This post is a response to one written by The Dakoit over at Comic Book Speculation for Fun. Dakoit suggests that Youngblood #1 is actually a collector’s item. It’s a counter-intuitive argument, because everyone has a copy of Youngblood #1 and nobody wants a copy of Youngblood #1. Still, I’m mostly persuaded.
First, a brief history of Youngblood. They’re a superhero team, the brainchild of controversial 90s phenom Rob Liefeld, Youngblood was meant to be Image’s answer to the Avengers. It was, like most Liefeld creations, a brazen rip-off of well-established Marvel and DC characters. For instance:
The case against Youngblood #1:
The comic cannot stand on its own. As Mark Ginocchio recently argued over at Comic Book Resources, the story is garbage. And the art, well it’s Liefeld. And while Liefeld is consistently able to get work in the industry, to say his art is “polarizing” would be generous. Many readers detest him. If you’re in the mood for a good laugh, Bill Hanstock and Brandon Stroud pretty much dropped the microphone after soundly demolishing Liefeld’s style back in 2007.
And Youngblood is Liefeld’s signature creation, so it exhibits all of his creative vices, especially 1-dimensional, copycat characters that no one cares about. No one is trying to track down the first appearance of Vogue or Diehard.
The case against Youngblood #1 is basically that nobody who’s anybody takes Liefeld’s work seriously, and that while the characters themselves persist (20 years later!), they still don’t rate. They’re not significant characters.
So, why would anyone want this book?
The case for Youngblood #1:
The Dakoit’s central claim is that the comic is historically significant. It is the first comic published by Image Comics, and Image has gone on to become the third largest company in the industry. It’s produced several characters who have attracted, at one time or another, devoted fan bases (i.e. Spawn, Witchblade, Invincible). Image has also become the “hot” publisher of late. Books like Saga and The Walking Dead have become fan favourites, and early issues demand high resale prices.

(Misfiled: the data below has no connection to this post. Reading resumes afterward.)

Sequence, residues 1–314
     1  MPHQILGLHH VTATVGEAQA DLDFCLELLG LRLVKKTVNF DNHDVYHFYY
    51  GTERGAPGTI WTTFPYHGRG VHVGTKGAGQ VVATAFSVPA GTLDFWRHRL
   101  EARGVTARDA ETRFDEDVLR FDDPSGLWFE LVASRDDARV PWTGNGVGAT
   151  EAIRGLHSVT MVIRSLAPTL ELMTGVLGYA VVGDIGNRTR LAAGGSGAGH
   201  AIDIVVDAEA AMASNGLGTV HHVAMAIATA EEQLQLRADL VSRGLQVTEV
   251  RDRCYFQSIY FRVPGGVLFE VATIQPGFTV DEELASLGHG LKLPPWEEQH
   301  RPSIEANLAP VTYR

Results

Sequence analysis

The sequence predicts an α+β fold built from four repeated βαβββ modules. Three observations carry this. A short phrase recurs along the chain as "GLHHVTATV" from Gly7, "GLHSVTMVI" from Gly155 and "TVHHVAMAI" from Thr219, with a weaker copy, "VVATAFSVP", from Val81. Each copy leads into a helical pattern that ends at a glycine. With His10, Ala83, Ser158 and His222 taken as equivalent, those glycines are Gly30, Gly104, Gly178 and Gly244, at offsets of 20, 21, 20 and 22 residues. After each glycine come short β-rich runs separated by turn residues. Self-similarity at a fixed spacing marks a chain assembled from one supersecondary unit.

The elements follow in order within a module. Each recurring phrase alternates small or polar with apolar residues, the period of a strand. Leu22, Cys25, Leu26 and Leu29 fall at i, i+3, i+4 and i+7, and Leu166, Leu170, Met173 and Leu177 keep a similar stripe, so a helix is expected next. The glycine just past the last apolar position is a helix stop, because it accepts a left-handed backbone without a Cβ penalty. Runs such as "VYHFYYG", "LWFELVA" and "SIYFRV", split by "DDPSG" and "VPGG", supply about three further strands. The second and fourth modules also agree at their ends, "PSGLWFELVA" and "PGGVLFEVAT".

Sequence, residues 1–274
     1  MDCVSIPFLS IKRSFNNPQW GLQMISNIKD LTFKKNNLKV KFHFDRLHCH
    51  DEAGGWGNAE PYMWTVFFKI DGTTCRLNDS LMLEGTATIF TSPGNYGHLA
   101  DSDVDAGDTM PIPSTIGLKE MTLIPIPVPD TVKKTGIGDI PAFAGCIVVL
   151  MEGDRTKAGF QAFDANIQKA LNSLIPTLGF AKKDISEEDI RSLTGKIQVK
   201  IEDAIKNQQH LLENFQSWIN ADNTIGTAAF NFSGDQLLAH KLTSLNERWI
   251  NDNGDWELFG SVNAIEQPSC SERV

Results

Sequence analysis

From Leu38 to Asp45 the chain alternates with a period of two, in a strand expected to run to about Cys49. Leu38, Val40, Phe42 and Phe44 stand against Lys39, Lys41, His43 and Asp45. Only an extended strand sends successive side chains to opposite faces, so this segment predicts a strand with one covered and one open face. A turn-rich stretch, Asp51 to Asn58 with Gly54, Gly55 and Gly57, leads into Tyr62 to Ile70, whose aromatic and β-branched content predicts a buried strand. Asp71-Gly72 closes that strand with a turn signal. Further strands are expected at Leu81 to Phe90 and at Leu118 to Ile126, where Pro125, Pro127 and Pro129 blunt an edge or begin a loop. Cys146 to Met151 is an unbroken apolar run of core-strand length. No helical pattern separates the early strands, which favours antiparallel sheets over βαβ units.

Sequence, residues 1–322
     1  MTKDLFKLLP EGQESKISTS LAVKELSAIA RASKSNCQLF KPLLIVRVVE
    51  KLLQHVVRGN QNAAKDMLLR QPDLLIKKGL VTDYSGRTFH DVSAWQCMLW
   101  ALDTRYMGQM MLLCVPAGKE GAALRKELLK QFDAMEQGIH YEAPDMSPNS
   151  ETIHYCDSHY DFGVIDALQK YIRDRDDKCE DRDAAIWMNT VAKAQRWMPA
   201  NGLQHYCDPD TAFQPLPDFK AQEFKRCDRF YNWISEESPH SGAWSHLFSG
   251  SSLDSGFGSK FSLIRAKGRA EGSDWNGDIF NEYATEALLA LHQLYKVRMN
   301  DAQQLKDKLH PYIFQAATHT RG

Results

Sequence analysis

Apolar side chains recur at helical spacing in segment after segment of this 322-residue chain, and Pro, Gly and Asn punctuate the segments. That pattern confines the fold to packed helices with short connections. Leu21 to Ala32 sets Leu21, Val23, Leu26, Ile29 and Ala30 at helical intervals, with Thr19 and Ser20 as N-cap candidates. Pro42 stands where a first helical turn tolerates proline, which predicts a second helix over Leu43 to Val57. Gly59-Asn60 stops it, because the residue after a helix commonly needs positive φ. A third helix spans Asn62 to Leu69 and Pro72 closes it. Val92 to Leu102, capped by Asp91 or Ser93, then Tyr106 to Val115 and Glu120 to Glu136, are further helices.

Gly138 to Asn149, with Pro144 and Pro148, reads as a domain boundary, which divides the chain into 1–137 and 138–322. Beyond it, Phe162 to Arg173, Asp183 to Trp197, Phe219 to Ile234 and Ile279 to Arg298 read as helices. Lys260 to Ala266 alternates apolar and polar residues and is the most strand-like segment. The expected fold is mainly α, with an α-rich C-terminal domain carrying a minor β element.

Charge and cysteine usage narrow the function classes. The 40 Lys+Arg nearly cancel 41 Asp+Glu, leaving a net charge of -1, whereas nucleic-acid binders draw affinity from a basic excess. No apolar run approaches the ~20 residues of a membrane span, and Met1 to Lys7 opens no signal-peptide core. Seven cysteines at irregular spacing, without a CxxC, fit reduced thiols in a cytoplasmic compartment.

I buy this. Maybe not today, maybe not tomorrow, but before too long, the first comic ever published by Image will be considered historically significant.
Here’s another important consideration: Deadpool’s first appearance is in New Mutants #98, another Rob Liefeld joint. That comic easily fetches $100 a pop on eBay, often more. And news of the X-Force movie is probably about to send its value through the stratosphere. Liefeld or no Liefeld that comic has value.
It’s also worth noting that even though Liefeld has more than his share of detractors, he manages to continue working. What he lacks in artistic talent he seems to make up for in industry connections and professional know-how. People keep hiring Liefeld; he has to be doing something right. Would it surprise you if the guy was somehow able to get a Youngblood movie to happen? This is wild speculation, obviously, but if the public appetite for superhero movies continues, studios are going to look beyond Marvel and DC for the next Avengers. And if you were looking to make a copycat of the Avengers? What better source material than the comic that copycats the Avengers?
One last thing, insofar as Youngblood #1 signifies all things Liefeldian it stands as a monument to a particular era in comics history. The 90s produced certain excesses. The industry was ultimately damaged. Some people still hate anything to do with the period. But, as any Toronto Blue Jays fan knows, 1992 was a long time ago. It may be time to look at the comics of the era with some fresh eyes. If we do that, I think we start to see that Youngblood #1 has some value.